Here's a simple script I've been working on which does a few useful things:
What it does:
1 - It dynamically and smoothly adjusts viewdistance according to your framerate.
2 - It prevents the framerate from dropping and staying too low in areas of scenic complexity or lots of ai.
3 - It stabilises framerate so that there are less noticeable fps changes.
4 - It increases the viewdistance when using scopes/binoculars.
How it works:
The script launches a background process to monitor the average fps over a user specified time period (eg 10 seconds). This is then compared to the average from the previous 10 seconds, and if the fps has decreased then the viewdistance is dropped accordingly. Conversely, if the fps increases, the viewdistance is increased. It's set up so that it won't cause large oscillations in viewdistance/framerate.
The script also checks if you are using a scope or binocs and increases the viewdistance to simulate being able to see further and with more detail than with the naked eye.
These kind of scripts work on the assumption that in areas of high scenic complexity such as the middle of Zargabad or in a dense forest, you won't really notice that the view distance has been dropped. Similarly, if there are a lot of enemy ai trying to smoke you, you're probably more interested in getting a smooth bead on them than in admiring distant scenery. Another assumption is that increasing viewdistance when looking down a scoped weapon doesn't actually negatively affect fps most of the time.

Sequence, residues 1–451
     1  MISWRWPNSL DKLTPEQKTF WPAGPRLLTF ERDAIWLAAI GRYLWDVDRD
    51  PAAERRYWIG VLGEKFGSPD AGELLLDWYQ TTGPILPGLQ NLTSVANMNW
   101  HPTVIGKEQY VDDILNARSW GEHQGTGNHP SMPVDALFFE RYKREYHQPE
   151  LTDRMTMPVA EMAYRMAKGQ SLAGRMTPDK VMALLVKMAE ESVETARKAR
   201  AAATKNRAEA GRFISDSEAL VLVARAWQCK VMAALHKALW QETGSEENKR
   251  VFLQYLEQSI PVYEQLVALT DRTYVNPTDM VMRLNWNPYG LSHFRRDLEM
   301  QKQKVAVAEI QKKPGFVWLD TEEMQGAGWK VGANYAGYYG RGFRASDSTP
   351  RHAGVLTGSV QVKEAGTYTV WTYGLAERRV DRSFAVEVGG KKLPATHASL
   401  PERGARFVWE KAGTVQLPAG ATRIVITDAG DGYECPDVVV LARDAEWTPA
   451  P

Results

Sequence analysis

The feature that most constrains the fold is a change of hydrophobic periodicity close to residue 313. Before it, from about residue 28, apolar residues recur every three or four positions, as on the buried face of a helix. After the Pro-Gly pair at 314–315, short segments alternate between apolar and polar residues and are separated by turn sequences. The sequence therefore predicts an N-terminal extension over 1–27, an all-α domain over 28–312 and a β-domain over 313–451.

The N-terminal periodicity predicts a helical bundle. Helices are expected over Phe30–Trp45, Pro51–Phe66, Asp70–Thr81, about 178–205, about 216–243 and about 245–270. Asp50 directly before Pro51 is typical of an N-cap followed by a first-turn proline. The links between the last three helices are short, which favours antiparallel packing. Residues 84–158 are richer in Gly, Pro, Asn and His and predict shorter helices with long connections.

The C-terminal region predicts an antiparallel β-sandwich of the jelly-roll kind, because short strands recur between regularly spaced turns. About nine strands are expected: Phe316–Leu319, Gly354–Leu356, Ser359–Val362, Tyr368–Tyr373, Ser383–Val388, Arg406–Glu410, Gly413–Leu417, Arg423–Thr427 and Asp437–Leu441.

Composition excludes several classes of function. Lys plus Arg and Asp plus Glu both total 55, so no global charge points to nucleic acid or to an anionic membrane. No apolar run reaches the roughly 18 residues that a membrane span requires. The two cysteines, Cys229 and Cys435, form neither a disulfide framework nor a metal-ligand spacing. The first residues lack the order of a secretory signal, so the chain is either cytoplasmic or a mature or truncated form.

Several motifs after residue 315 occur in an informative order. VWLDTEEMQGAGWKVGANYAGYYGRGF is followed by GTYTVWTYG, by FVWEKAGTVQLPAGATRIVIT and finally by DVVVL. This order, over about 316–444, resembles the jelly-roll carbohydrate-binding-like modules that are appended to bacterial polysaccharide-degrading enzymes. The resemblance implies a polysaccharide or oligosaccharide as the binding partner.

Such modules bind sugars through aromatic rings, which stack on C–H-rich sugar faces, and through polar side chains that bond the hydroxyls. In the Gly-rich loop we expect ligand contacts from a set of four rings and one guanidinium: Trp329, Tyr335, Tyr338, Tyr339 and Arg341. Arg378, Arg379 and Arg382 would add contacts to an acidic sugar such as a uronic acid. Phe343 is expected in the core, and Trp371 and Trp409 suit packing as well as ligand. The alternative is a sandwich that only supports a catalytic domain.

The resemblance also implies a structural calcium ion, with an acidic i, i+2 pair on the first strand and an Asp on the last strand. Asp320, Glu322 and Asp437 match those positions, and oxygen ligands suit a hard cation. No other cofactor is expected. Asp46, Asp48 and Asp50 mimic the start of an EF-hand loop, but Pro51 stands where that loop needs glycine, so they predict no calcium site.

You'll notice the viewdistance changing if you look for it, just like you'll notice lod switching or clutter popping in if you look for them too. After a while you simply stop noticing.
How to use it
Save the script below as whatever you like, wherever you like, and call it thusly from your init.sqf:
These are the values I use on my middle range system (Dual coreE6750, GTX460)Code:nul = [this,400,1800,25,40,10] execvm "nameofscript.sqf";
400 = minimum view distance (m)
1800 = maximum view distance (m)
25 = minimum framerate
40 = preferred (realistic!) framerate
10 = time to average framerate over
Obviously you'll change these values to suit your system. If you can't deal with fps below 30 then set the minimum to 30, and/or lower the minimum viewdistance even further. If your system can comfortably pull 75 fps at 5000m viewdistance then adjust accordingly (alternatively your computer is so powerful it probably doesn't need this script!).
Comment out the hintsilent line near the bottom of the script to remove debugging messages.
If you can see a way to improve this script or have any suggestions then I'd love to hear them.
Lastly, if you want a more comprehensive system to adjust framerate then look at VictorFarbau's VF FPS Saver (VFFPSS)